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Alfred Austin (Альфред Остин)


To Alfred Tennyson


Poet! in other lands, when Spring no more
Gleams o'er the grass, nor in the thicket-side
Plays at being lost and laughs to be descried,
And blooms lie wilted on the orchard floor,
Then the sweet birds that from Ægean shore
Across Ausonian breakers thither hied,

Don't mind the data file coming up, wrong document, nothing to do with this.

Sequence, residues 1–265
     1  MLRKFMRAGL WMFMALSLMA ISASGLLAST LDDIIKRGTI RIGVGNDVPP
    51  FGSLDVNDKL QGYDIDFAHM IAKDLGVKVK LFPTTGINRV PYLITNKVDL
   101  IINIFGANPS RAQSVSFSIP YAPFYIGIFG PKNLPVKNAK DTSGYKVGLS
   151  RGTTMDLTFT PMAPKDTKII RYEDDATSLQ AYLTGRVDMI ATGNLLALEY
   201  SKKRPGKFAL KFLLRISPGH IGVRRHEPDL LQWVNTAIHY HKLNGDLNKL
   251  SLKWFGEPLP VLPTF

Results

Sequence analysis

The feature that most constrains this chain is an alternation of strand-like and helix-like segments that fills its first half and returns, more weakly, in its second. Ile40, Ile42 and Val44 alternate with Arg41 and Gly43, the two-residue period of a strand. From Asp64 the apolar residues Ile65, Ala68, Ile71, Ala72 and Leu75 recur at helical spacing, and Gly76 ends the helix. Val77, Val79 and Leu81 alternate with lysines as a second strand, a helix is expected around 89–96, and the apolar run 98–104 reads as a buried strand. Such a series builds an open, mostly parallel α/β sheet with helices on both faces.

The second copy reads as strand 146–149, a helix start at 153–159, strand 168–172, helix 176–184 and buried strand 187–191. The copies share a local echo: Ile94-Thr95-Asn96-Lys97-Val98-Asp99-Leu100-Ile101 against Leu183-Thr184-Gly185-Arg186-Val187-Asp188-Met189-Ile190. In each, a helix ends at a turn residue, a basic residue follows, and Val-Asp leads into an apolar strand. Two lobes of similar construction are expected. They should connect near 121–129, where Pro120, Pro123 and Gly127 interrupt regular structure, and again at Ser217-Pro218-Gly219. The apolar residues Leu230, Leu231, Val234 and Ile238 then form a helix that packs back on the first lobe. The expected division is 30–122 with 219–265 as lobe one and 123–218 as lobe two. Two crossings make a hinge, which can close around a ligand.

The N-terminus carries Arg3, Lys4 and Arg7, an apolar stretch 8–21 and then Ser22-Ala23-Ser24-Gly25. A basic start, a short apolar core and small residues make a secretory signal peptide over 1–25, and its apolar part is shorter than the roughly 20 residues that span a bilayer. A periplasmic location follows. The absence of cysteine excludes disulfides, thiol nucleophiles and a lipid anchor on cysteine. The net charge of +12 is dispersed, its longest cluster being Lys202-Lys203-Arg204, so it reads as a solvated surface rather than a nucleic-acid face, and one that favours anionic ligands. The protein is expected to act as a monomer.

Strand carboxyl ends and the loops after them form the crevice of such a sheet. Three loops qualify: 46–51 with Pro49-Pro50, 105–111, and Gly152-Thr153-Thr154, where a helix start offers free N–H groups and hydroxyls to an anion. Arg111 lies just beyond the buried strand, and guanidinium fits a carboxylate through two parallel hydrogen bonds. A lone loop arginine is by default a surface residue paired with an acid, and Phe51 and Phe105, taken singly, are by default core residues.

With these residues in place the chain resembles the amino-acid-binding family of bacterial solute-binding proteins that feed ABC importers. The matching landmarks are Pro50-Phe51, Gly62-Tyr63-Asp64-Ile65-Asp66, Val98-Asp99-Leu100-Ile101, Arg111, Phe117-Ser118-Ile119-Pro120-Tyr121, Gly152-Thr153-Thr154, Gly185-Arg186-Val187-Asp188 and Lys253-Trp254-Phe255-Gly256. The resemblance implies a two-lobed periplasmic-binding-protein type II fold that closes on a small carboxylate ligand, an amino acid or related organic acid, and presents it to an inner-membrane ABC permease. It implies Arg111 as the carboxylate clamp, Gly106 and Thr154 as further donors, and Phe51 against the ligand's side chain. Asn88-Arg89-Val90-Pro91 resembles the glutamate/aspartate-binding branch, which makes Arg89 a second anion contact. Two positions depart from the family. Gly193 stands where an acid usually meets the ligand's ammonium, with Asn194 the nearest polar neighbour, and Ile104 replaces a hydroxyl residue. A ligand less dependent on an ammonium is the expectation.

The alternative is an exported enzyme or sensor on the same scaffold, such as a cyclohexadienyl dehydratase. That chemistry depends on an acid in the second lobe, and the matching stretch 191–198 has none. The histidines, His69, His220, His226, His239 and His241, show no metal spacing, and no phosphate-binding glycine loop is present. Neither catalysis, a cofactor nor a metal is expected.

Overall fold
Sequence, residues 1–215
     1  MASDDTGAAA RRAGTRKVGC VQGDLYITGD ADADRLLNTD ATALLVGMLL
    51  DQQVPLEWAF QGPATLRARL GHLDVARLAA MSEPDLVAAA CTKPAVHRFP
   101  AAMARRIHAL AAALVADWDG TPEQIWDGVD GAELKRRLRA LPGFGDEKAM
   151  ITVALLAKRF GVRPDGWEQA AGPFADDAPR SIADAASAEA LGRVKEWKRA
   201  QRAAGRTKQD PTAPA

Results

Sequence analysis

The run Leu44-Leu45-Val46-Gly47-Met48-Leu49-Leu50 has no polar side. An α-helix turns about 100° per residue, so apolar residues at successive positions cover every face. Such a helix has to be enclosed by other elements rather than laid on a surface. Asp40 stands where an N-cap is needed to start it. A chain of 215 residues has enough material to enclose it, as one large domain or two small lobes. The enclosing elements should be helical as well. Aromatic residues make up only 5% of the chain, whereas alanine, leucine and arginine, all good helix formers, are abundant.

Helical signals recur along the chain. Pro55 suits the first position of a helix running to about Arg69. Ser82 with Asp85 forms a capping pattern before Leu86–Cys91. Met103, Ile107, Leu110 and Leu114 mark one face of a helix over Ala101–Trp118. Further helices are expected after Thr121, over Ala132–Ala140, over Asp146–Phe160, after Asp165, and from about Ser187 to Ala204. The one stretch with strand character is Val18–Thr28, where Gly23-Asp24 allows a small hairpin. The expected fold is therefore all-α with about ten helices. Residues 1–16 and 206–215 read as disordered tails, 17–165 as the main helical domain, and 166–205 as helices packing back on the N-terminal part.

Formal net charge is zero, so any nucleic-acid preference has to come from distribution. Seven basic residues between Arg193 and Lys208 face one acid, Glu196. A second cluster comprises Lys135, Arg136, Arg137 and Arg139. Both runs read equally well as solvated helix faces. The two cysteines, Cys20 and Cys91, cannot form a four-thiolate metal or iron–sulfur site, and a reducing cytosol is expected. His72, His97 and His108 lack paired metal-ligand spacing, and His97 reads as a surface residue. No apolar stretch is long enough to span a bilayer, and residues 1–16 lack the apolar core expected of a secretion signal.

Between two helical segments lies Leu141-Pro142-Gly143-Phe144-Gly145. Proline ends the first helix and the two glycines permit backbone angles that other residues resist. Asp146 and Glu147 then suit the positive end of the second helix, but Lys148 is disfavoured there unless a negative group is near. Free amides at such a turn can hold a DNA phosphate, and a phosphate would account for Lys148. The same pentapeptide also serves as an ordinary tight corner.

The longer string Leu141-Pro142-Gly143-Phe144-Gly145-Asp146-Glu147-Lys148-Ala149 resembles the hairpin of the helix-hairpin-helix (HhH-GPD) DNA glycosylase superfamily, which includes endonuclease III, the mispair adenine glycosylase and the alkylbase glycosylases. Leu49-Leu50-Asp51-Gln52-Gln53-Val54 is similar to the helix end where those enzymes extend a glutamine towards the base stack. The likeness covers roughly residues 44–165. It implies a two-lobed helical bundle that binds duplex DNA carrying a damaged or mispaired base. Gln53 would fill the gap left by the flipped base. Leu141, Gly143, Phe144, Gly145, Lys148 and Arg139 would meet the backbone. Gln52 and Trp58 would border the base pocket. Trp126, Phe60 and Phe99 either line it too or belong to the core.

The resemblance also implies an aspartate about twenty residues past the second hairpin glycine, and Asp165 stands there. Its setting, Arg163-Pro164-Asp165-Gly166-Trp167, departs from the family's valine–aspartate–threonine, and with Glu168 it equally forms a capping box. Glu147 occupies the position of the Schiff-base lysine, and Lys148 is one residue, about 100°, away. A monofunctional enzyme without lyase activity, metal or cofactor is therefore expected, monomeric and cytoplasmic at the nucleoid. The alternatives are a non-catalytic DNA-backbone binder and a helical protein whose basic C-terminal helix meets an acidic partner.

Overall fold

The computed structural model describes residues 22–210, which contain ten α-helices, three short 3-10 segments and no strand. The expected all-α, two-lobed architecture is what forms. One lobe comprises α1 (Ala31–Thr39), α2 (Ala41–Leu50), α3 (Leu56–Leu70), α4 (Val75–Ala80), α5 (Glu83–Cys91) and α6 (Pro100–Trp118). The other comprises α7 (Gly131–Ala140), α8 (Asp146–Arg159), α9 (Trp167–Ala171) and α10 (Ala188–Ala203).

Own April's music in their breast hath died,
And croft and copse resound not as before.
But, in this privileged Isle, this brave, this blest,
This deathless England, it seems always Spring.
Though graver wax the days, Song takes not wing.
In Autumn boughs it builds another nest:
Even from the snow we lift our hearts and sing,
And still your voice is heard above the rest.



Alfred Austin's other poems:
  1. To Robert Louis Stevenson
  2. The Owl and the Lark
  3. Aspromonte
  4. Why Should I, From This Long And Losing Strife
  5. Nocturnal Vigils


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